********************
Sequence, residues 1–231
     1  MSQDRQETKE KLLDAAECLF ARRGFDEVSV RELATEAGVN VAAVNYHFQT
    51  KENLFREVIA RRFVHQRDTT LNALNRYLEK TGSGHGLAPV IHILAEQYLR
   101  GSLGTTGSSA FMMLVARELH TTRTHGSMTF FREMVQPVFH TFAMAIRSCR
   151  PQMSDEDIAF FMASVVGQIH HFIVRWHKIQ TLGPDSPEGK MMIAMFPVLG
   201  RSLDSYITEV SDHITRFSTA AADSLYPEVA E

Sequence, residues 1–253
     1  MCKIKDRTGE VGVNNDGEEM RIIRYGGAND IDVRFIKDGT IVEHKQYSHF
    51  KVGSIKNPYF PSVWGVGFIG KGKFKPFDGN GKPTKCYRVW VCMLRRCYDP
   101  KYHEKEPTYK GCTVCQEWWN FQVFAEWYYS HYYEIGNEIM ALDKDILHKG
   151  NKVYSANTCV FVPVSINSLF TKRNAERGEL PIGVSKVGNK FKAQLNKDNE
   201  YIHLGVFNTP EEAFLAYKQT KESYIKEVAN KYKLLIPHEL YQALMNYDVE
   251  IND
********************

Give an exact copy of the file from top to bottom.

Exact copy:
Sequence, residues 1–231
     1  MSQDRQETKE KLLDAAECLF ARRGFDEVSV RELATEAGVN VAAVNYHFQT
    51  KENLFREVIA RRFVHQRDTT LNALNRYLEK TGSGHGLAPV IHILAEQYLR
   101  GSLGTTGSSA FMMLVARELH TTRTHGSMTF FREMVQPVFH TFAMAIRSCR
   151  PQMSDEDIAF FMASVVGQIH HFIVRWHKIQ TLGPDSPEGK MMIAMFPVLG
   201  RSLDSYITEV SDHITRFSTA AADSLYPEVA E

Sequence, residues 1–253
     1  MCKIKDRTGE VGVNNDGEEM RIIRYGGAND IDVRFIKDGT IVEHKQYSHF
    51  KVGSIKNPYF PSVWGVGFIG KGKFKPFDGN GKPTKCYRVW VCMLRRCYDP
   101  KYHEKEPTYK GCTVCQEWWN FQVFAEWYYS HYYEIGNEIM ALDKDILHKG
   151  NKVYSANTCV FVPVSINSLF TKRNAERGEL PIGVSKVGNK FKAQLNKDNE
   201  YIHLGVFNTP EEAFLAYKQT KESYIKEVAN KYKLLIPHEL YQALMNYDVE
   251  IND